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7 Tips for How to Talk to Children About Terrorism
Terrorists often use violence and threats to create fear among the public. Their attacks can leave children with feelings of uncertainty about the future and further attacks.
Here, Save the Children’s emergency response experts offer tips to help you talk to children about terrorism.
Before you engage in a discussion with your child about terrorism, it's important to look inward. Start by acknowledging your own beliefs and biases. It's true that your lived experiences, your level of privilege and how you interpret the current events may influence how you talk to your children about certain topics.
Reflecting on each of those things first can help frame the first of potentially many sensitive conversations.
Your child may feel scared, shocked, angry, sad and confused by acts of terrorism. Encourage them to talk about these feelings with you or someone they trust.
Some children find it best to use art or movement to help them express how they feel.
You’re not expected to be an expert on terrorism, but take it upon yourself to get informed so that you can answer questions and correct misinformation.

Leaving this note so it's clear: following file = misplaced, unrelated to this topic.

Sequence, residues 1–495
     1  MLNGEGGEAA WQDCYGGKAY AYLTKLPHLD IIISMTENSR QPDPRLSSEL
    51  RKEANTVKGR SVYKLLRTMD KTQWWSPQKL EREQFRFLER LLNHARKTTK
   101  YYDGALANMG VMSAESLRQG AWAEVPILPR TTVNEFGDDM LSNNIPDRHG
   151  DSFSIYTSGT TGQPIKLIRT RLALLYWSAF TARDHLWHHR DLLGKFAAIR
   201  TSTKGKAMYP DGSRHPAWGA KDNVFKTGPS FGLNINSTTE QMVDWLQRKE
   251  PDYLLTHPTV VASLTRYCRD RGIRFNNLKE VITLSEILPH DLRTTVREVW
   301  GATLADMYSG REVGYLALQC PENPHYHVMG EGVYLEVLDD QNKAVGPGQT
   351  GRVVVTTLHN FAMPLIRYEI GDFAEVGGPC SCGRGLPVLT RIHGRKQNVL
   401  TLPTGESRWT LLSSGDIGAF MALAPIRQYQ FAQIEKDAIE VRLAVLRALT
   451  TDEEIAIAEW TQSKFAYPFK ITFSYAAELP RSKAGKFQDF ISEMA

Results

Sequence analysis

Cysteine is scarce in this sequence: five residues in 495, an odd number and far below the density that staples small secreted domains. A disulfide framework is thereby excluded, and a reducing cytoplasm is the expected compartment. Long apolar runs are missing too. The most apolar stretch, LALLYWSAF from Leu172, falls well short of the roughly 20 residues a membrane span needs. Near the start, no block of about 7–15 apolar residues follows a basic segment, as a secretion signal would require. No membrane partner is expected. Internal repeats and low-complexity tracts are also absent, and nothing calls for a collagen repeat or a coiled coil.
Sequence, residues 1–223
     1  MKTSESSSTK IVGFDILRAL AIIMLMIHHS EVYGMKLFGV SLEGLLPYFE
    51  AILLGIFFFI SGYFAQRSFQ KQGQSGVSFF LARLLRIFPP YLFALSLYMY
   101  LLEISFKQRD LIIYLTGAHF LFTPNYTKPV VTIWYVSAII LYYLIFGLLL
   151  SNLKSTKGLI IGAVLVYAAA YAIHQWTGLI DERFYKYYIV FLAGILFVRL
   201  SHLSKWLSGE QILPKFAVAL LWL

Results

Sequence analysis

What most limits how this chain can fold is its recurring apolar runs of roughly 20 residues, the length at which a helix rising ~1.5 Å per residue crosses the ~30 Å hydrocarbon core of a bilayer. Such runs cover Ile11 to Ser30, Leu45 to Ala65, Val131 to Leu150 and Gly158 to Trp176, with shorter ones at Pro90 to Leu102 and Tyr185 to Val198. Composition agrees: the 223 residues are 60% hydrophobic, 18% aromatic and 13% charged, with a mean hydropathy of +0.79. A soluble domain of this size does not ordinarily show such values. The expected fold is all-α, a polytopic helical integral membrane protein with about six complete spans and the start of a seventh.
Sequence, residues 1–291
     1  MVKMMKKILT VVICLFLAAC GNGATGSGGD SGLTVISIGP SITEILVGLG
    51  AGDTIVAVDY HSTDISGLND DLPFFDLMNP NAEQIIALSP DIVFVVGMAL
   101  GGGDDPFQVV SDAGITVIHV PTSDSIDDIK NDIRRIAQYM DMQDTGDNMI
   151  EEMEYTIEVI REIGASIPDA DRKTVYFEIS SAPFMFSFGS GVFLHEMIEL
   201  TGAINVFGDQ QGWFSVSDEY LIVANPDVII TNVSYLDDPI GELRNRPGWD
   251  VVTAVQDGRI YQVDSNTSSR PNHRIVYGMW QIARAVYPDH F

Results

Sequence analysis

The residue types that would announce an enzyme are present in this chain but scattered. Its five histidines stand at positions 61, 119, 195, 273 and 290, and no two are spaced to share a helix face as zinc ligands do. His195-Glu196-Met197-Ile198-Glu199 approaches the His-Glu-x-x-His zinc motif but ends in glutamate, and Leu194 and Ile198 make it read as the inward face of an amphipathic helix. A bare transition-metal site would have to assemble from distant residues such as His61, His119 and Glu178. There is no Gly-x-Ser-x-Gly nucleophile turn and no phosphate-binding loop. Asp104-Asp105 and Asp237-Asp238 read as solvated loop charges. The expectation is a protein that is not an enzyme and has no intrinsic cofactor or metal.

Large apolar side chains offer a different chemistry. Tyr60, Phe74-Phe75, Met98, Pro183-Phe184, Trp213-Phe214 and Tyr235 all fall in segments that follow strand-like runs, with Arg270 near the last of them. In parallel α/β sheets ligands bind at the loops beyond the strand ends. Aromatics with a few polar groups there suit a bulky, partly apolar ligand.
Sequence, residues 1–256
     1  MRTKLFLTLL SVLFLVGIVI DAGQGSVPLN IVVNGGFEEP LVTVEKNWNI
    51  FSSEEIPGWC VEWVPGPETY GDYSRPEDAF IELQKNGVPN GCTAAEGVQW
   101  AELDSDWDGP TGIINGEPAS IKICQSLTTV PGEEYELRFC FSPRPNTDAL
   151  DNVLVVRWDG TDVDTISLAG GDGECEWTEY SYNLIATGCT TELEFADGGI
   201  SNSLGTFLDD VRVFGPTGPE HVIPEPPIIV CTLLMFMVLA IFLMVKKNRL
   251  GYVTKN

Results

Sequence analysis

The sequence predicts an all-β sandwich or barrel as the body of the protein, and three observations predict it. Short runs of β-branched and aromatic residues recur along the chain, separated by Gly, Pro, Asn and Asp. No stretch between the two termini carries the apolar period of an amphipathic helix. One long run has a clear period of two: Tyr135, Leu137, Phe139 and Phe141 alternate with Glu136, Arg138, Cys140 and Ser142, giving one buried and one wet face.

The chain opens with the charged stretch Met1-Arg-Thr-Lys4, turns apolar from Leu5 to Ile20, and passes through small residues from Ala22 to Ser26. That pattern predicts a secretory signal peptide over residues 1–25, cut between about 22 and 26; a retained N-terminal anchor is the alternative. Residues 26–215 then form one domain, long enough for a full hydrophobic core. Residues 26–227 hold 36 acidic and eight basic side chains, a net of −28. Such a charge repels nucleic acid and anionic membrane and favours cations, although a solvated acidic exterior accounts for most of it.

Explain there are always good people who try to prevent terrorism and who help after an incident. Use simple words that even young children can understand.
Thinking about what you can personally do to take action and stand up for what is right can help.
Communities often come together when tragedy strikes. Some children may find comfort in joining together with others through vigils, fundraisers or services — held virtually during the COVID-19 pandemic but still a powerful way of connecting.
After a terrorist incident, it’s important for children to understand what’s happening around them, but the images and stories portrayed on the news and social media can cause anxiety and fear in both kids and adults. Don’t overdo it.
As children grow beyond their early years, they begin to reflect the views and behaviors of the people who mean the most to them. Stay calm and model thoughtful, inclusive behavior.
Additional Resources from our Experts
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